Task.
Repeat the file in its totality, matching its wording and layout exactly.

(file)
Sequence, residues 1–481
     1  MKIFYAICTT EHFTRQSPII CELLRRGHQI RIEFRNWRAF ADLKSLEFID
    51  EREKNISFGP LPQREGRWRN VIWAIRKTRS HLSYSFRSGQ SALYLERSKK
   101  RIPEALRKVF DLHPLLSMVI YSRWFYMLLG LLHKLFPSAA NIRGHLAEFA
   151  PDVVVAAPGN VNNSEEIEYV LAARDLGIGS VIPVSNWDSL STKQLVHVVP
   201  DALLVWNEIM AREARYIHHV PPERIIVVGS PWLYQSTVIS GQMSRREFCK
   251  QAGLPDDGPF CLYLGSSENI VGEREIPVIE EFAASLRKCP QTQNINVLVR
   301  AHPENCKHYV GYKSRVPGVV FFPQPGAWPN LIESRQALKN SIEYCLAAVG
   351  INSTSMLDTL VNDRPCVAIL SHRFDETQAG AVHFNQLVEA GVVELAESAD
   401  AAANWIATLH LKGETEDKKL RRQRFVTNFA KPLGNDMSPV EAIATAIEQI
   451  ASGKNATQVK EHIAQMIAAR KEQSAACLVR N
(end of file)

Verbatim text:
Sequence, residues 1–481
     1  MKIFYAICTT EHFTRQSPII CELLRRGHQI RIEFRNWRAF ADLKSLEFID
    51  EREKNISFGP LPQREGRWRN VIWAIRKTRS HLSYSFRSGQ SALYLERSKK
   101  RIPEALRKVF DLHPLLSMVI YSRWFYMLLG LLHKLFPSAA NIRGHLAEFA
   151  PDVVVAAPGN VNNSEEIEYV LAARDLGIGS VIPVSNWDSL STKQLVHVVP
   201  DALLVWNEIM AREARYIHHV PPERIIVVGS PWLYQSTVIS GQMSRREFCK
   251  QAGLPDDGPF CLYLGSSENI VGEREIPVIE EFAASLRKCP QTQNINVLVR
   301  AHPENCKHYV GYKSRVPGVV FFPQPGAWPN LIESRQALKN SIEYCLAAVG
   351  INSTSMLDTL VNDRPCVAIL SHRFDETQAG AVHFNQLVEA GVVELAESAD
   401  AAANWIATLH LKGETEDKKL RRQRFVTNFA KPLGNDMSPV EAIATAIEQI
   451  ASGKNATQVK EHIAQMIAAR KEQSAACLVR N